A coordinate system describing the interior of organs is a powerful tool for a systematic localization of injured tissue. If the same coordinate values are assigned to specific anatomical landmarks, the coordinate system allows integration of data across different medical image modalities. Harmonic mappings have been used to produce parametric coordinate systems over the surface of anatomical shapes, given their flexibility to set values at specific locations through boundary conditions. However, most of the existing implementations in medical imaging restrict to either anatomical surfaces, or the depth coordinate with boundary conditions is given at sites of limited geometric diversity. In this paper we present a method for anatomical volumetric parameterization that extends current harmonic parameterizations to the interior anatomy using information provided by the volume medial surface. We have applied the methodology to define a common reference system for the liver shape and functional anatomy. This reference system sets a solid base for creating anatomical models of the patient's liver, and allows comparing livers from several patients in a common framework of reference.
Distortion of Left Ventricle (LV) external anatomy is related to some dysfunctions, such as hypertrophy. The
architecture of myocardial fibers determines LV electromechanical activation patterns as well as mechanics. Thus,
their joined modelling would allow the design of specific interventions (such as peacemaker implantation and LV
remodelling) and therapies (such as resynchronization).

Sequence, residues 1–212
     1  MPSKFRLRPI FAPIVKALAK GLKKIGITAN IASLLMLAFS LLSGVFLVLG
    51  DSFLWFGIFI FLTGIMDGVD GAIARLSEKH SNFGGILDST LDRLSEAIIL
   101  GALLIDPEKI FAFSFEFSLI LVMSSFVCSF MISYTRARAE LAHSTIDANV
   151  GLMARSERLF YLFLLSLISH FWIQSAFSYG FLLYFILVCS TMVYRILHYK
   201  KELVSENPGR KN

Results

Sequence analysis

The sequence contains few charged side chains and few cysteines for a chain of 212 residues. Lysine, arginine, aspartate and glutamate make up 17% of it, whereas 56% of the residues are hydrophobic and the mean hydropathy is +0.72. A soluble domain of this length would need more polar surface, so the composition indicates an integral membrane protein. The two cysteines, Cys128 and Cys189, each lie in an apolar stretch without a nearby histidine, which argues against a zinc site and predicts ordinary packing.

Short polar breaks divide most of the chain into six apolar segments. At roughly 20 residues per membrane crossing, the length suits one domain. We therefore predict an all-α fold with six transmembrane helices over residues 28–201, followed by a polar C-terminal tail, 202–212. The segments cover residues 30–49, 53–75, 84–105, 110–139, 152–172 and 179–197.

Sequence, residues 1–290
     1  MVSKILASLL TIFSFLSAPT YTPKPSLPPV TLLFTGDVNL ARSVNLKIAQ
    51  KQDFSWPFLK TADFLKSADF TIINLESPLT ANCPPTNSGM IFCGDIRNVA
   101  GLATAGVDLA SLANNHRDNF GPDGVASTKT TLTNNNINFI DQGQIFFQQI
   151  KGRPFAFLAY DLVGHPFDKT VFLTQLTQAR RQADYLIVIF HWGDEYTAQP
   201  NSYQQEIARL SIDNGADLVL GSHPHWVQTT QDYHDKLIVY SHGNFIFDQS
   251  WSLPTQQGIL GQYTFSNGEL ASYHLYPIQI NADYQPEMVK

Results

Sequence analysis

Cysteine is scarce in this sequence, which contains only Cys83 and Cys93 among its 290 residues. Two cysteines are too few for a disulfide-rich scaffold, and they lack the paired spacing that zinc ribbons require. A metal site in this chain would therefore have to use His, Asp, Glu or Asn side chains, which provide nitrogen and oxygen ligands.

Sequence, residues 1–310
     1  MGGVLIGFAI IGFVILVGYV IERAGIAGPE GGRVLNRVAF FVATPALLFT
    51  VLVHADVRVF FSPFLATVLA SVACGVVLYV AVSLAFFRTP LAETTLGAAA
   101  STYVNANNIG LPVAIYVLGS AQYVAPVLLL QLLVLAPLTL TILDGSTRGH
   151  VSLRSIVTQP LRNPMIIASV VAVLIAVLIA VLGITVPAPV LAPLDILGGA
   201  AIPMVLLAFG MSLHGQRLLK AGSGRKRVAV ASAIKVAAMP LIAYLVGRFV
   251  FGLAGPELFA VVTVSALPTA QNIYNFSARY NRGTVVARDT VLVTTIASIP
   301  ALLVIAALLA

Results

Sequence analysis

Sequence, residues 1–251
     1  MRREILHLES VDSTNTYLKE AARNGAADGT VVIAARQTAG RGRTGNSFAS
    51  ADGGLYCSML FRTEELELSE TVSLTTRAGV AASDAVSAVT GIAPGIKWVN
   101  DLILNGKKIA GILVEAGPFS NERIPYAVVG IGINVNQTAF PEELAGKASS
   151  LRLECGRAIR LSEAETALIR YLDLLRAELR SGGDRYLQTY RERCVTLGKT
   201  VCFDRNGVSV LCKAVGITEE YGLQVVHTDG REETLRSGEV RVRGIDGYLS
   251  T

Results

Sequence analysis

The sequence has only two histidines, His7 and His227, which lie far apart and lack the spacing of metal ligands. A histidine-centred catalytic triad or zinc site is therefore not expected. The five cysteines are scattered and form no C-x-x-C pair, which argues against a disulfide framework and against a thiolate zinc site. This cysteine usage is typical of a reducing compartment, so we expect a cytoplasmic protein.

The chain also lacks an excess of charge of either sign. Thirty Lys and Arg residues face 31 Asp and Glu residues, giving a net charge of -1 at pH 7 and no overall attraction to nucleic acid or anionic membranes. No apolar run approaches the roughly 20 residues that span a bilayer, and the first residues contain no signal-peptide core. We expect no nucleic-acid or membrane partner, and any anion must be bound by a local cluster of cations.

On one hand, accurate modelling of external anatomy requires either a dense sampling or a continuous infinite
dimensional approach, which requires non-Euclidean statistics. On the other hand, computation of fiber models
requires statistics on Riemannian spaces. Most approaches compute separate statistical models for external
anatomy and fibers architecture.
In this work we propose a general mathematical framework based on differential geometry concepts for
computing a statistical model including, both, external and fiber anatomy. Our framework provides a continuous
approach to external anatomy supporting standard statistics. We also provide a straightforward formula for the
computation of the Riemannian fiber statistics. We have applied our methodology to the computation of complete
anatomical atlas of canine hearts from diffusion tensor studies. The orientation of fibers over the average external
geometry agrees with the segmental description of orientations reported in the literature.